“The Dark and the Wicked” (2020, RLJE Films) News of their father’s impending death brings siblings Marin Ireland and Michael Abbott Jr. back to their family’s lonely farm, where they discover that illness and long-simming family estrangement is the least of their concerns. Slow-building and ultimately terrifying indie horror film from Bryan Bertino (“The Strangers”) takes a page from “The Babadook” and the films of Ari Aster (“Hereditary“) by rooting its terror in emotional trauma, guilt, and (especially) neglect; the scares are more subtle here (but no less impactful), though Bertino doesn’t shy away from some weapons-grade shocks (if you don’t like spiders or sharp objects near eyes…). The cast shoulders the emotional battering well – Ireland takes on the lion’s share of the heavy work, with notable support from Abbott Jr., Julie Oliver-Touchstone (mother) and Xander Berkeley (scary priest); RLJE’s Blu-ray includes an Q&A with Ireland and Abbott Jr. from the Fantasia Film Festival in Montreal.
“The Shadow of Violence” (2020, Lionsgate) Cosmo Jarvis plays a fearsome but flawed enforcer for a rural mob family in this gritty-stylish Irish drama, which attempts to highlight the soul in a figure surrounded and defined by brutality. Director Nick Rowland and writer Joe Murtagh (adapting Colin Barrett’s short story “Calm with Horses”) provide plenty of material for both sides of their anti-hero: a savage beating to open the film, and plenty of brooding narration and a neglected son, and if both are well-traveled roads in better films, “Shadow” has an advantage in Jarvis’s colossal frame and mournful visage. How violence can ruin both victim and perpetrator is maybe the film’s most effective message, though it’s the performances – and in particular, Barry Keoghan as Jarvis’s mob handler/exploiter – that ultimately stand out. Lionsgate’s DVD is widescreen.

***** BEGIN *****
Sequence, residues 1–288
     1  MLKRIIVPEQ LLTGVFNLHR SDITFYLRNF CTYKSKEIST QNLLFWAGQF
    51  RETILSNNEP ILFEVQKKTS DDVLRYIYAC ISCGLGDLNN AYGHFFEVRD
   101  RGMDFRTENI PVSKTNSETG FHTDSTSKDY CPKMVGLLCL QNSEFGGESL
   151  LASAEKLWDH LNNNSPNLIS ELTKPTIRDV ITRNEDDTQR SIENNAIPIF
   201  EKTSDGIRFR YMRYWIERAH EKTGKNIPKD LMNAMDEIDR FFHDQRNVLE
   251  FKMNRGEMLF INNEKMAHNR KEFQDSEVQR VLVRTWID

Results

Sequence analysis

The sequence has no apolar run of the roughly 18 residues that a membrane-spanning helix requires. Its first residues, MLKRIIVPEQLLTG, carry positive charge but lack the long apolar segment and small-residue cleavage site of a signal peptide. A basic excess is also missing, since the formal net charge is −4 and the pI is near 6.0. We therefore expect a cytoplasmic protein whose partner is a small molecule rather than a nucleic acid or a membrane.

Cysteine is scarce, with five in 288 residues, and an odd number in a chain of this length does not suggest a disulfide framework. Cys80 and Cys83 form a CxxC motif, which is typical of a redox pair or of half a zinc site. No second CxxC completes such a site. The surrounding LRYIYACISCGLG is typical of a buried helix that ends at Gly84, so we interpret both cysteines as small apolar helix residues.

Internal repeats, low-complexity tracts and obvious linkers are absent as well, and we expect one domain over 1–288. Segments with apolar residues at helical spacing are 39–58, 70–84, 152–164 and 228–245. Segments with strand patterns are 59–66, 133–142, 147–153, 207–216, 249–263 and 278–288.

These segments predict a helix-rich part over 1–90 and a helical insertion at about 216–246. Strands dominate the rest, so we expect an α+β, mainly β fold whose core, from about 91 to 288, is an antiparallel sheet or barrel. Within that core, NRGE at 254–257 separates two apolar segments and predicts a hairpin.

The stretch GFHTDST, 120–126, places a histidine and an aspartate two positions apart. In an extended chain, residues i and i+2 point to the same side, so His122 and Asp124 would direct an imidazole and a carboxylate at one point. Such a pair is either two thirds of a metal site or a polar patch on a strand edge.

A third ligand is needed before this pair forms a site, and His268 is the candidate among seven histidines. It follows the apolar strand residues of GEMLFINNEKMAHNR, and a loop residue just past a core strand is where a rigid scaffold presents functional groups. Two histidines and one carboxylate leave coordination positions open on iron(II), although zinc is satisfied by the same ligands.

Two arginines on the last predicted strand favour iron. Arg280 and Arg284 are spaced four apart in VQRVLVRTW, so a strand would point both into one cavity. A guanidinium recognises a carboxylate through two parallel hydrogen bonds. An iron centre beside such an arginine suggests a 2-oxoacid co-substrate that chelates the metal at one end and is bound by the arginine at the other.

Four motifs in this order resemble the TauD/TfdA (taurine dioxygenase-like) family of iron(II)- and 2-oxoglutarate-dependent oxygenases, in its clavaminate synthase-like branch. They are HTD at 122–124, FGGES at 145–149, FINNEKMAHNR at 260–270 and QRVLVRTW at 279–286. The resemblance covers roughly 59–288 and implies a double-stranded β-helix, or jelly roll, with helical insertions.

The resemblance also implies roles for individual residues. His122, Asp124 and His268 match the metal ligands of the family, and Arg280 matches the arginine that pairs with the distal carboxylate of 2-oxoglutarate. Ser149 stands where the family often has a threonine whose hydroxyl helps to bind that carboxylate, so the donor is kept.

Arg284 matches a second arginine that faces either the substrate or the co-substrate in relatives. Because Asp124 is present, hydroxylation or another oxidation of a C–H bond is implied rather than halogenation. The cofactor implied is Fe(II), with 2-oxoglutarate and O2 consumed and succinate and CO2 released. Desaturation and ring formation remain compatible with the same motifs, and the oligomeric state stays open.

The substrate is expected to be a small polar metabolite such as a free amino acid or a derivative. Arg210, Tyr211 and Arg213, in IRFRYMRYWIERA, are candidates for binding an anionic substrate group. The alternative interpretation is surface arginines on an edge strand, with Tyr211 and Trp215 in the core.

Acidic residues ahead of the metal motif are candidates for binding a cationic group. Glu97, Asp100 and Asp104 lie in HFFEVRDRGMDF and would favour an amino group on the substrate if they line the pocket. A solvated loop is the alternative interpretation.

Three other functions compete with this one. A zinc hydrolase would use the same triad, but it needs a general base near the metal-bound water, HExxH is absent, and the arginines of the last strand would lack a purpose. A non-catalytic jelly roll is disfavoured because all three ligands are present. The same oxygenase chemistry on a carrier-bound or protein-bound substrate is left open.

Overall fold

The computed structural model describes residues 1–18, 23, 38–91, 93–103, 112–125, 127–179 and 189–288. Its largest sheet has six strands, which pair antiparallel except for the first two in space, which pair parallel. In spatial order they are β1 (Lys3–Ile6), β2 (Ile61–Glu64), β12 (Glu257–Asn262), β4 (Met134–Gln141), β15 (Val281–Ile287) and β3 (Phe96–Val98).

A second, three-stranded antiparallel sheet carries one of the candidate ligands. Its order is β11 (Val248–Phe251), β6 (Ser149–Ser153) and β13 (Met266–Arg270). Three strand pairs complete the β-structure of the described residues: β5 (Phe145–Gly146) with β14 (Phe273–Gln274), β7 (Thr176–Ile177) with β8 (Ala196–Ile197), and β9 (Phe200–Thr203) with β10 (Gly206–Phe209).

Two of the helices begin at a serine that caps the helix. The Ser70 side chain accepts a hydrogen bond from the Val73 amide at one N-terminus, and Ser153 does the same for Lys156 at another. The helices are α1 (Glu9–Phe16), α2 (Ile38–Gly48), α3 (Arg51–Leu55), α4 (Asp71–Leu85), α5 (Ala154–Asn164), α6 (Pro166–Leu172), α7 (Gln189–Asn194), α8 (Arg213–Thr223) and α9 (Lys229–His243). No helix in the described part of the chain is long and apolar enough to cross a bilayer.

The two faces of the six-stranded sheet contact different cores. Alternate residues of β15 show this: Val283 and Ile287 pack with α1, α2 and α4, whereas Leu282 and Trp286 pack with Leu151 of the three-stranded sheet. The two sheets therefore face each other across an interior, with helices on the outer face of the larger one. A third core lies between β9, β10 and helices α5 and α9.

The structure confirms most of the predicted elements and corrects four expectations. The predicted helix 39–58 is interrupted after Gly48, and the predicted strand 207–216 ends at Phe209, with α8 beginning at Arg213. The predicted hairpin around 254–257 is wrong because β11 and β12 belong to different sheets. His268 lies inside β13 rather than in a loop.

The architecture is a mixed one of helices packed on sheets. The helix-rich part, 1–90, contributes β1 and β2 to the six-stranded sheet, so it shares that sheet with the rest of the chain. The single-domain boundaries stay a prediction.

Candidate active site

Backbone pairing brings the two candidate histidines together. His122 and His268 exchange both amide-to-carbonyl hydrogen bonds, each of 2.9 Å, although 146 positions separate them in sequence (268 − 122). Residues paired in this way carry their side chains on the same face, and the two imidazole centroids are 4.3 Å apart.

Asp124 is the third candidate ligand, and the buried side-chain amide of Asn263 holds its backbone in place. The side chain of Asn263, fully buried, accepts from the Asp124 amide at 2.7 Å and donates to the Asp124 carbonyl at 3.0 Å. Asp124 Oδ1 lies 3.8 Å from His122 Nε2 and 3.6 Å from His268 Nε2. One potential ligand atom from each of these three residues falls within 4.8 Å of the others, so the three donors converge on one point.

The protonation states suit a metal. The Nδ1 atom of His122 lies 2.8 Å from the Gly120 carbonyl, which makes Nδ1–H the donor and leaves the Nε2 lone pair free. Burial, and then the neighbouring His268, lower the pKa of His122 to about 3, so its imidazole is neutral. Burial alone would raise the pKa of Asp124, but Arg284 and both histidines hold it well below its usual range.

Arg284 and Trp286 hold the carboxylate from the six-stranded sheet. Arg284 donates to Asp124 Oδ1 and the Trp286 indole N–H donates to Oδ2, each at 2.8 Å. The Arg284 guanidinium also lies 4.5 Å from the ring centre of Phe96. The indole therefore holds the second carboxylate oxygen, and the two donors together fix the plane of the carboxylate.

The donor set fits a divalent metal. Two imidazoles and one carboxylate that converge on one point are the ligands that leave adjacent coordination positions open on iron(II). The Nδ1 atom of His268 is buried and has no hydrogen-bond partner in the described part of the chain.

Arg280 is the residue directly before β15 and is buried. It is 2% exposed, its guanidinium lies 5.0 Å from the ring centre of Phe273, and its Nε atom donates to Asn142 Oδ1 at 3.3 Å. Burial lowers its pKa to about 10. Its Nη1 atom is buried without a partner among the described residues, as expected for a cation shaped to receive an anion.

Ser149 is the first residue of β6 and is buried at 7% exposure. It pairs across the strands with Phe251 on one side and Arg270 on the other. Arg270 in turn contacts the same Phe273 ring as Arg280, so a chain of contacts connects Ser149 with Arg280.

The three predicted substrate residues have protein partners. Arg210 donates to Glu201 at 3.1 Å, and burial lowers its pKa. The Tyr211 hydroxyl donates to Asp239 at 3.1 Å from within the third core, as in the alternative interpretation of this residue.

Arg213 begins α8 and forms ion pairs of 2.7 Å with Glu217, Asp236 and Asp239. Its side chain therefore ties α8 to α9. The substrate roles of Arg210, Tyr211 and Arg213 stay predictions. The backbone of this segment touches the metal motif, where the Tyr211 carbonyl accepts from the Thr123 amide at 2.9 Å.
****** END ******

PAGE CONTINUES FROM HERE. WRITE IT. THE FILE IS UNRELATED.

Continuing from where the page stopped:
“Waxworks” (1924, Flicker Alley) Three stories of consuming obsession, and the price paid for such, anchored by a framing story of a poet (future director William Dieterle) who pens stories for a wax museum’s exhibits of Caliph Harun al-Rashid, Ivan the Terrible, and Jack the Ripper (mistakenly labeled here as “Spring-heeled Jack”). A last gasp of sorts for German Expressionism – director Paul Leni, co-star Conrad Veidt (who plays Ivan) and scripter Henrik Galeen (“The Golem,” “Nosferatu”) would all decamp for the United States soon after its release – “Waxworks” benefits greatly from the extraordinary visual and production design inherent to the movement – the exaggerated camera angles and costuming in the Ivan the Terrible story and the hallucinatory lighting and in-camera effects in the Ripper segment – and by the full-bodied performances of “Cabinet of Dr. Caligari” co-stars Veidt and Werner Krauss (who plays Spring-heeled Jack). Flicker Alley’s Blu-ray features a beautiful 2K restoration of the film (which was for a time considered lost), as well as two score options, commentary by Adrian Martin (if you’re curious about the history of German Expressionism, here’s something of a master class), interviews with Kim Newman (discussing horror anthologies) and Julia Wallmuller (on the restoration) and one of Leni’s “Rebus Films” – avant-garde animation disguised as audience participation games shown before and after theatrical screenings.